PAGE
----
|Thursday, March 31st, 2016|
I tend to terrorize people with responses longer than their original post. That is, when you can get me to talk at all. I'm not sure what this means.
I decided that a large part of the problem with loading the Z600 in the back of a moving truck is trying to drive it up a steep incline with a manual transmission and somewhat narrow ramps. Longer ramps that handle the same weight rapidly get a lot more expensive. The other major part of the problem is the 16' moving truck is 16' long, and the Z600 is 10' long. The 10' U-Haul is $279. The 12' or 16' Budget truck is $163. I'm estimating that stuff half way fills a 10' truck, so maybe I am on track for fitting into the 6' left of a 16' truck.
Driving it up the ramps, I burned a lot of clutch, but also had to rev the engine and just bloody go, far more than I'd like to have, so I decided to change that up a bit and try to winch it up instead of driving it up. A "come-along" with a 10' cable (this should be interesting; again, that's how long the Z600 is, so I'm basically putting its front onto the ramp, winching it up until the nose is safely in the truck, and then doing something else) was pretty inexpensive. If this plan works, it should at least allow me to go up more slowly, in a more controlled fashioned, requiring less faith.
I'm reminded that last time I moved, I got rid of most of my computers, including the G3 MacPPC machine that powered slowass.net for years. The Alpha Multia was my firewall/router for a long time and was pretty adorable. My gosh the time I've spent/wasted installing BSD on various RISC machines. I also got rid of most of my ORA books then, but then since bought probably the same amount more. (Anyone need a Flash programmer...?) A got a few more computers since then as well.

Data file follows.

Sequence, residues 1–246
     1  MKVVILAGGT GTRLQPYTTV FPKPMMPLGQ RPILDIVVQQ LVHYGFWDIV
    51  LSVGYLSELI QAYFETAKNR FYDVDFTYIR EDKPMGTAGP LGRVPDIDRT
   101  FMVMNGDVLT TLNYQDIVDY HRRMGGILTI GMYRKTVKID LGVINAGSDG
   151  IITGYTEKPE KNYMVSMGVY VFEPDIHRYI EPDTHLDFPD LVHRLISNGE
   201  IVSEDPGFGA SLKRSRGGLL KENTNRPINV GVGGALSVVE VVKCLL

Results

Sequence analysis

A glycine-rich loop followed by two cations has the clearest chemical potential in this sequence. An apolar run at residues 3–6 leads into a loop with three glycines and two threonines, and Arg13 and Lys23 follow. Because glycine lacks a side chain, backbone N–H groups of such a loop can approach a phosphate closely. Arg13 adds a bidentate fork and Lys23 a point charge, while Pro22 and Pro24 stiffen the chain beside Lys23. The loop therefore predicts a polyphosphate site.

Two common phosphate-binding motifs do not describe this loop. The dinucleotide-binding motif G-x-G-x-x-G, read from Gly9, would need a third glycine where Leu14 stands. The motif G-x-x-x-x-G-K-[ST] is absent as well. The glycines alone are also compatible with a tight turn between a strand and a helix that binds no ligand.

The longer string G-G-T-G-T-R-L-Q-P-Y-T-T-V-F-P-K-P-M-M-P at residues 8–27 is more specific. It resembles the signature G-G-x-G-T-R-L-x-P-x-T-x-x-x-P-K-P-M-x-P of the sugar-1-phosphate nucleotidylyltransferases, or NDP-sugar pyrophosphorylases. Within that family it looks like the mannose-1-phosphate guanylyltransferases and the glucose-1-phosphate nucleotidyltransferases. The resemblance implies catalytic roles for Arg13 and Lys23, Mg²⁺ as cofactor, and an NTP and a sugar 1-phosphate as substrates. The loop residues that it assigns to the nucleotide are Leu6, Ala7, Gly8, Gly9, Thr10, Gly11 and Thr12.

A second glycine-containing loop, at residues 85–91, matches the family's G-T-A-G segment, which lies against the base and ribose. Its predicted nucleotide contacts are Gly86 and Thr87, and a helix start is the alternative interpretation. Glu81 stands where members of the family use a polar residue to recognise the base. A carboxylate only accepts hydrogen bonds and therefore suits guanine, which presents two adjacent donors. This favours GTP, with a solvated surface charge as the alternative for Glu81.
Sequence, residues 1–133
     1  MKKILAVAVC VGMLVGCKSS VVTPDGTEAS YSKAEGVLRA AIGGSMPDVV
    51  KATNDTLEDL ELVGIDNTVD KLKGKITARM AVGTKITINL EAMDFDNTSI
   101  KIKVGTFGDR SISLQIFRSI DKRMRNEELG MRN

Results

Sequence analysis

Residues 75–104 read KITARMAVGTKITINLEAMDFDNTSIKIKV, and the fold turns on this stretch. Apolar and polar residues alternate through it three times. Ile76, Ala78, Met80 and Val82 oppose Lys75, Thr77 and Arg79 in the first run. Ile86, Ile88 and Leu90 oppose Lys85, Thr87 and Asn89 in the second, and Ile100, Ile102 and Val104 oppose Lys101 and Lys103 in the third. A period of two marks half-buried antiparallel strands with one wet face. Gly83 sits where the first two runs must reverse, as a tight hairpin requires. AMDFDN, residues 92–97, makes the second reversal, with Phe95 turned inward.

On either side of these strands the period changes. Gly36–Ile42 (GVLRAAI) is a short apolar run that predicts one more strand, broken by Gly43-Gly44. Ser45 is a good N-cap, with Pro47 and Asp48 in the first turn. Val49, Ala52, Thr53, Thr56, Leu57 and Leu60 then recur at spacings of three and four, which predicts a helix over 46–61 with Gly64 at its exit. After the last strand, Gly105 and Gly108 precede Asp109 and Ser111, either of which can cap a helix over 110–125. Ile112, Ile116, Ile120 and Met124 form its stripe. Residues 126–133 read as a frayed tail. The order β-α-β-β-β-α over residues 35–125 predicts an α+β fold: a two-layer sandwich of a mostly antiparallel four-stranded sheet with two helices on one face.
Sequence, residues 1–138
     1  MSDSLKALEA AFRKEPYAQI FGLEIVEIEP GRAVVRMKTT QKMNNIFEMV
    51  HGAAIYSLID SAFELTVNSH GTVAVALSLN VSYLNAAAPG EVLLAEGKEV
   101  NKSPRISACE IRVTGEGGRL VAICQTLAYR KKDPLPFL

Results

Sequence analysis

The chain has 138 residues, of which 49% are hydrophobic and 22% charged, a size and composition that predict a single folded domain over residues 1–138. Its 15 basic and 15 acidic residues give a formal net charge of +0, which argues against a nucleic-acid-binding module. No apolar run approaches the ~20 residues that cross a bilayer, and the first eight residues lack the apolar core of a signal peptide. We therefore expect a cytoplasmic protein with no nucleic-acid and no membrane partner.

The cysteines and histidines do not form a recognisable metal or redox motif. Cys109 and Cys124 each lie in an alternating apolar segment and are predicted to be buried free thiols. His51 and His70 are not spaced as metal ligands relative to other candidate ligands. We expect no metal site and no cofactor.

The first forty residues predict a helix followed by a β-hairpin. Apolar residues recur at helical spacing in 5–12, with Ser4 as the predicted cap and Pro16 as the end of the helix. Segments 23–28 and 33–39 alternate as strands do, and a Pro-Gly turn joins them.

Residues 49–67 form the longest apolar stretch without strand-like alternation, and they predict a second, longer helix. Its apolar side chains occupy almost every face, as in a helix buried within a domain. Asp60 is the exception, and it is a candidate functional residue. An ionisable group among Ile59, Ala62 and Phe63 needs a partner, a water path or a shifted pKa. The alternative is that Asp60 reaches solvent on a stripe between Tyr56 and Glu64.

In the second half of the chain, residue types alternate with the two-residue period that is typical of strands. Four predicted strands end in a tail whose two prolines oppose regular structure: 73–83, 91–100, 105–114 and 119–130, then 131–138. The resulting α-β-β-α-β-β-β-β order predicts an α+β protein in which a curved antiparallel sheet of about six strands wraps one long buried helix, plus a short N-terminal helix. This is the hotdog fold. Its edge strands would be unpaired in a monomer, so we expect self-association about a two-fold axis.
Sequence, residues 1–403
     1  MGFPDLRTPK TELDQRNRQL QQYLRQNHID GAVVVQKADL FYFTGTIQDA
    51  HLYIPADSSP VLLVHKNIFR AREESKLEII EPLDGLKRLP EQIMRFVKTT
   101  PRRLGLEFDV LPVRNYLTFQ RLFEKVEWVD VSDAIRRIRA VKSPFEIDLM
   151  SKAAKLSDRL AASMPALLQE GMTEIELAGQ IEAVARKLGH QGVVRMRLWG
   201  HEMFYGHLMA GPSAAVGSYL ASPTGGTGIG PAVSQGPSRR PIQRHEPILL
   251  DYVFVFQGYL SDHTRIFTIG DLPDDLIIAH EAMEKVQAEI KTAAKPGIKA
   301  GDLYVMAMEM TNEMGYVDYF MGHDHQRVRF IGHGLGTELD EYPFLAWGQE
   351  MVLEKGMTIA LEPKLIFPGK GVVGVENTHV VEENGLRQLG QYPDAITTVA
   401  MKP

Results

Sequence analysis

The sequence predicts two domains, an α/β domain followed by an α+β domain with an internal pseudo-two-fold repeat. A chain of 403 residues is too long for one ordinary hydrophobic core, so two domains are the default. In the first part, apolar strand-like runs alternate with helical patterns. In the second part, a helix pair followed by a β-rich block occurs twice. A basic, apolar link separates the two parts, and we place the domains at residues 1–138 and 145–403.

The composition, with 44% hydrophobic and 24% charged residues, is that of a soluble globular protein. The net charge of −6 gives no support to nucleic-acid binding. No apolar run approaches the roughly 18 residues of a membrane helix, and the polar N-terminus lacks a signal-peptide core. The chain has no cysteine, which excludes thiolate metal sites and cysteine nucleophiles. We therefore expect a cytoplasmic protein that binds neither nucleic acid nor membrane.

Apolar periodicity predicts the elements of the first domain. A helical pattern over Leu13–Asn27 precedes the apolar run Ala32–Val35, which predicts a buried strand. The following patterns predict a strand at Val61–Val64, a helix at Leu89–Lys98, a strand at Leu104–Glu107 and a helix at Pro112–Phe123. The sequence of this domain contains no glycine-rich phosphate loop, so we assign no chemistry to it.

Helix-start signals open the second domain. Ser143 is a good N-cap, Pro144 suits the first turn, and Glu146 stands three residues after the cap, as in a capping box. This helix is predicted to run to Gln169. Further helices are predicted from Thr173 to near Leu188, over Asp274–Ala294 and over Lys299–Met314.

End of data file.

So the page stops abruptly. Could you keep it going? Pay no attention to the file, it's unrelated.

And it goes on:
I have a few choices here. I could try to license the Z600 in Arizona where it's probably easier than CA (especially with my license and other info still pointing here), or haul it to CA and eventually maybe try to do that. If I did manage that in AZ, the tow dolly might work. I think if something is unregistered, it can't be in contact with the ground. The trailer's registration allows it to touch the ground.
Plus I need to sort out engine work on the CB750.
I swam yesterday. That felt good. I think my body decides it is winter and it is going into hibernation if it doesn't get exercise, which is counter intuitive to me because when it actually was winter, it still got exercise (running, swimming, biking), so "it's winter, time to hibernate" never really sat in as a result of it being winter. Hibernation as I'm declaring it feels like being groggy on a multi-day, multi-week scale. Bleah. So, when I manage exercise, it will likely continue to be big news on my stupid blog, and I'm apparently not the only one.
In my packing shuffling, my meager in-room pantry wound up in a bucket, so I guess I have a food bucket. I also obtained some more groceries, finally making it to Sprouts, so I have PB&J on the menu, and got tortilla foodstuffs going from Food City, using a big tin of canned refried beans as a base, which I'm eating cold.
The Z600 got jacked up after I exhausted (largely due to evaporation) this batch of rust dissolver. It looks like I could have done a better job of pumping it into the holes in the floor pan, but it also did a fantastic job where I did get it. I didn't get it above the bottom of the floor pan, so I'm spending some time with naval jelly under there as well, even though that does not accomplish the same thing as pumping rust dissolver into the holes. I'll have to come back to that. The rust dissolver gelled on to a lot of the metal, as the navel jelly also strongly tends to do. I wonder if I should try to use water to get it off, or if I should go for a solution of ether, gasoline, ammonia, and chlorine. I wouldn't be so reluctant about cleaning off the rust dissolver with water if it weren't for those damn holes that go to a rust-land in the middle of the metal sandwich. I want to wash off the gelled on rust dissolver so I can rattlecan it.
Lincoln had ~$300/month workshop/garage space with running water that you're actually allowed to occupy during the day. Something like that would be fantastic for me in CA. That doesn't even buy a desk in a shared space in CA. Computer projects and automotive projects and bicycle projects definitely occupy the same sort of workshop space.